And so how does it come to be here. Whose money built it?

The answer is somewhat convoluted – successive generations of royal patronage is part of it. But so too is Henry VIII’s desire for a male heir and his subsequent break from the Catholic Church, one result of which was the Dissolution of the Monasteries.

If you have ever wondered what happened to the amassed wealth of some 900 monastic estates during Henry’s big 1530s campaign to liquidate holy assets and usurp papal domination, then Chatsworth is one place to look. William Cavendish, courtier and royal employee was a man with a good head for figures and a strong survival instinct, though he did slip up badly in the end.

For a time he held a post in the  Exchequer. In 1530 he was also one of Thomas Cromwell’s commissioners who visited the monasteries to audit their wherewithal and demand its surrender to the Crown. This included the lead off the roofs, which would have been worth a fortune by itself, and its stripping key to the physical dissolving of monastic edifices, which disintegration happened pretty soon after the weather got in.

It is said William took unfair advantage of this appointment. On top of this he was officially rewarded by the king with a knighthood and estates in Hertfordshire. He continued to enjoy royal favour even as his former boss, Cromwell, fell from grace (and was beheaded). Cavendish was despatched to Ireland to repeat the property assessing exercise. When Henry died he remained in the young Edward VI’s court and was granted still more monastic land. He even managed to hang on when Mary Tudor succeeded (he having paved the way by sending the Lady Mary tokens of loyalty before her accession). When she returned the nation to the Catholic Church he conformed and so gained a post as her Treasurer of the Chamber (1546-1553). It was here he rather over-reached himself. In late 1557 when the auditors arrived in Westminster to discover what he had been doing while in office all those years, they found the accounts in a shambles. Sir William was accused of embezzlement. He then died pretty much at once thereby avoiding further unseemly exposure, but begging for clemency for himself and his family.

It was during his years of service to Mary Tudor that he married for the third time – a rich young Derbyshire widow, Elizabeth Barley. She would later become [in]famously known as four times married ‘Bess of Hardwick’. She wanted to live in her native Derbyshire and so Sir William sold up all his monastic acquisitions and in 1549 bought the then lowly manor of Chatsworth for £600. Thus began the massive building of the first Cavendish family seat, which was only completed by Elizabeth after Sir William’s death. She would later go on to build the even more astonishing Hardwick Hall. She also the founder of the Cavendish Chatsworth dynasty, bearing 8 children during her marriage to Sir William.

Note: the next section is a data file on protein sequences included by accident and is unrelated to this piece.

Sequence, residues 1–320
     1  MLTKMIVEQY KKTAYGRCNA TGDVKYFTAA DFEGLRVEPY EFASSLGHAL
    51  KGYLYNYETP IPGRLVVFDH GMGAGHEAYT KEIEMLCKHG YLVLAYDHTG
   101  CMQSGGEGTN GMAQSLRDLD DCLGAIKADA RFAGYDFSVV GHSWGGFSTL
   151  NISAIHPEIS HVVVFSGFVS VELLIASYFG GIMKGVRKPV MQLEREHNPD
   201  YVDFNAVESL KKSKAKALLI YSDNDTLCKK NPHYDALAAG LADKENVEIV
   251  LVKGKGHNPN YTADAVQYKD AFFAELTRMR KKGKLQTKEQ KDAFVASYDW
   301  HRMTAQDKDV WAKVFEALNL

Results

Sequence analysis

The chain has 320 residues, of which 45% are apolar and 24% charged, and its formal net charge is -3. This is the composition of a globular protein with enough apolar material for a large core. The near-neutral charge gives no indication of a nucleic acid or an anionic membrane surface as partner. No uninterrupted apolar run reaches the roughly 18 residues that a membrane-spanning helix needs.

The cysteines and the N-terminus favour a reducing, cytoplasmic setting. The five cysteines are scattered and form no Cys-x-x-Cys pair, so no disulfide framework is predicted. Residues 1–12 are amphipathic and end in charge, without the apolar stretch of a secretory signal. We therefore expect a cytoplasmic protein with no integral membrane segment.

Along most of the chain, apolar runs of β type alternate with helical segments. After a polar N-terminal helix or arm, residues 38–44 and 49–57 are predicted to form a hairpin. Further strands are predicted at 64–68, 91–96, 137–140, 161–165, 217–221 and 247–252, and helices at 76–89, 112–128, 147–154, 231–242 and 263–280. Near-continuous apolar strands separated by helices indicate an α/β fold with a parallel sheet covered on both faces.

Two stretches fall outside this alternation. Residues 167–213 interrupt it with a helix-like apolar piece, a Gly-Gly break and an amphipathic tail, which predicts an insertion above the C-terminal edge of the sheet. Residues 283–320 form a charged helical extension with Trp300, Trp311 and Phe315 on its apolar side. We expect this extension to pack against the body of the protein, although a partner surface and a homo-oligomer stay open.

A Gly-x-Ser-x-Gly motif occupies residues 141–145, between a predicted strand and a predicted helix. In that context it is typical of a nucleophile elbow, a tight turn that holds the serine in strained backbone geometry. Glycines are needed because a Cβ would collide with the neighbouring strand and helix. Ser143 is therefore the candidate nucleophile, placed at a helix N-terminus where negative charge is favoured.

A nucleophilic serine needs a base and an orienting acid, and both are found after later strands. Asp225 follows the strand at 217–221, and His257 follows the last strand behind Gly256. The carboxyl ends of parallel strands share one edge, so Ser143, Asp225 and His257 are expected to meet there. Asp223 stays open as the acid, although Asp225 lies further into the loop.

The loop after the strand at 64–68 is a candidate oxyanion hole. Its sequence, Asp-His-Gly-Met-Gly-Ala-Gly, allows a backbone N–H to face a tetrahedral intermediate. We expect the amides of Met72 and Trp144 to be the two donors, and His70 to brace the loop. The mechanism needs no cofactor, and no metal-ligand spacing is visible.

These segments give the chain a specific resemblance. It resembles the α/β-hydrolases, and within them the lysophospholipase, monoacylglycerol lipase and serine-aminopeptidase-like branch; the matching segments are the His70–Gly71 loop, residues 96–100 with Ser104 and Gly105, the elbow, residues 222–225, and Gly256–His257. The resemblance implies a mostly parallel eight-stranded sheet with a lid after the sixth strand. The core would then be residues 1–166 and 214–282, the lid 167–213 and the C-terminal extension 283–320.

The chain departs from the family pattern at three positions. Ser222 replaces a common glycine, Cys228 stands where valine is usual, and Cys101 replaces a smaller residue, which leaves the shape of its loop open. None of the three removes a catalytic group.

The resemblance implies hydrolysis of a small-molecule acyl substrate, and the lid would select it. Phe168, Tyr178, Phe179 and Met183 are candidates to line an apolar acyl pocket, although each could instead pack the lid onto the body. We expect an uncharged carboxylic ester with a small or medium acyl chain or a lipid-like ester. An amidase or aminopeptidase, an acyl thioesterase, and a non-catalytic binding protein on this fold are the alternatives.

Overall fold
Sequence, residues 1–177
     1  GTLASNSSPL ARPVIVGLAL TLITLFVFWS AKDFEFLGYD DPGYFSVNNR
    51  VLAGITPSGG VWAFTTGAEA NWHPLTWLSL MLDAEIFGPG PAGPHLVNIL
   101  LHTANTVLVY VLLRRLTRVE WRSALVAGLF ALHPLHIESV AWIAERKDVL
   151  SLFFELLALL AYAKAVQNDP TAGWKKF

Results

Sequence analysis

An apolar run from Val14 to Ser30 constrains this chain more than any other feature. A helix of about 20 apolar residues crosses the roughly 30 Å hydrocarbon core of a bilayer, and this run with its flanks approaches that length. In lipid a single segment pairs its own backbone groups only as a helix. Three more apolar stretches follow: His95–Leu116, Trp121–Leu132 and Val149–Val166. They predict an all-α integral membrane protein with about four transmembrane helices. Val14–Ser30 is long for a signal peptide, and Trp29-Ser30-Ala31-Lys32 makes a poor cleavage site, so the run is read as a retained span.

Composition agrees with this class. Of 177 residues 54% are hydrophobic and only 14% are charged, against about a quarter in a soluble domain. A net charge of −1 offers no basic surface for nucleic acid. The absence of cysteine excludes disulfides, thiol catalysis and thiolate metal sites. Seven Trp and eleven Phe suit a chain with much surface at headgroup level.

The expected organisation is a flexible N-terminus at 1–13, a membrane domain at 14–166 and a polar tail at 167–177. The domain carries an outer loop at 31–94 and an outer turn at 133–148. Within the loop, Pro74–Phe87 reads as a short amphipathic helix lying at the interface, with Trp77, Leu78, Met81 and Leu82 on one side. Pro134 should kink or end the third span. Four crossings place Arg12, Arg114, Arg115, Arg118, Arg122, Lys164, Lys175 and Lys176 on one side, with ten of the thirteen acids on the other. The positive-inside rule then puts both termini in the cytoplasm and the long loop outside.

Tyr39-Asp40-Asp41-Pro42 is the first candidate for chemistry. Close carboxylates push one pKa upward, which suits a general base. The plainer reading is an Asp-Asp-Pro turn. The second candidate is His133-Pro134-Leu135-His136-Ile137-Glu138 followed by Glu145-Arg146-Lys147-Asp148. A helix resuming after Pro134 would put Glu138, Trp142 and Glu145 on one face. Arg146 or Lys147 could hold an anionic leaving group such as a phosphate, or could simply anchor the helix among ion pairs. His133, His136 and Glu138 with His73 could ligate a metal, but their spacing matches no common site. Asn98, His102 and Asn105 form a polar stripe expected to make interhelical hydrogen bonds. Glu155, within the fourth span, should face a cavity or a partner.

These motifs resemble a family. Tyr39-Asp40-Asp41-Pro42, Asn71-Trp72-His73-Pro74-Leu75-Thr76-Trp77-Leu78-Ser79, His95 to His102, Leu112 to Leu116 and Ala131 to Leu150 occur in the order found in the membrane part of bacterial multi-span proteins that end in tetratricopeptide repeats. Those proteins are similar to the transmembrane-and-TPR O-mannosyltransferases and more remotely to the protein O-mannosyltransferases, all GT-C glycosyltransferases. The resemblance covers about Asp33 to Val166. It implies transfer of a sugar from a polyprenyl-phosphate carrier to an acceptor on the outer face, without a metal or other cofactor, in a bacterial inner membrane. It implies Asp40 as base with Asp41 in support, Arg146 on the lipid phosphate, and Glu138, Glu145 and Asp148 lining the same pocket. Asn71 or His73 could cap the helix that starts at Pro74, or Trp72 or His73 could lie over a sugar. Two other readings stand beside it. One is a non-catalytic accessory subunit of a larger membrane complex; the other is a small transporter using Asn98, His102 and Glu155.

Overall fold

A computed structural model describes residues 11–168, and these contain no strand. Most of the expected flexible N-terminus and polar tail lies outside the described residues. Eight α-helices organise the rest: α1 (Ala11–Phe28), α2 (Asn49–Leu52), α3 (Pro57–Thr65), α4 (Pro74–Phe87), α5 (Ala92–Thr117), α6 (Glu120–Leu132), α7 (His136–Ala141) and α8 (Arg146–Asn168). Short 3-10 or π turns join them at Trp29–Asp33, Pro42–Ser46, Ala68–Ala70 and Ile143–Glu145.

P1080545

Thereafter the heirs sought and bought titles, including the Earldom of Devonshire, and it was the 4th Earl who gained a further step up by being rewarded with the dukedom (1694) – this for his part in bringing Protestant William and Mary to the English throne. It was also  the 1st Duke who went in for some massive rebuilding, including most of what we see today. He began by adding more family rooms and the extravagant State Apartment for receiving the new monarchs. Once started, however, no frontage could be left untouched. He also had the formal gardens laid out on a jaw-dropping scale. This included the famous Cascade, though he lived to enjoy its creation for only four years after its completion in 1703.

P1080678

The 4th Duke (1720-64) decided the house should have westerly approach, which meant demolishing the 1st Duke’s stables since they interfered with the view. He also relocated the village of Edensor where his staff and tenants lived, so it too did not spoil the view. Architect James Paine was commissioned to build the new stables we see today plus a new bridge upstream of the house.

P1080806

P1080746cr

And Capability Brown was engaged to make the now enclosed park look more ‘natural’. In the meantime the Duke found a vastly rich heiress to marry and acquired  even more property and family titles.

The 5th Duke was famous for marrying celebrated beauty and socialite, Lady Georgiana Spencer. They lived in London but had lots of jolly house parties at Chatsworth. They also lived happily in a menage a trois with Georgiana’s best friend Lady Elizabeth Foster. The 6th Duke never married, but nearly bankrupted the estate with all his ‘improvements’. These included funding plant expeditions around the globe and having his head gardener Joseph Paxton construct the Emperor Fountain (85 metre/280 feet of jet). The fountain meant draining the upland moor into an 8-acre man-made reservoir on the high ground above the house.

On the day we visited the jet was on short measures due to the high wind.

P1080754

The 7th Duke (1808-1891) was apparently a sober successor to the Batchelor Duke, a sad widower who lost his wife when she was only in her twenties. For thirty years he maintained strict economies in the running of the estate. Our family legend has it that my great grandmother Mary Ann opened the tenants’ ball with him one year, she as the eldest daughter of the oldest tenant family on the estate. He is said to have remarked to her on her family’s long presence in the locality, far longer than his own, he said. He would have been quite elderly at the time, and Mary Ann perhaps in her late teens or very early twenties. The blue silk covered  buttons from the dress she wore were apparently kept down the generations, and still in my grandmother’s sewing basket when my mother inherited it. I’m not sure if I have a real memory of seeing them or not. Anyway, it was not long after this that Mary Ann ran off with the Bolton spindle manufacturer, and had her more usual  bright print country dresses scoffed at by the dark clad women of Farnsworth.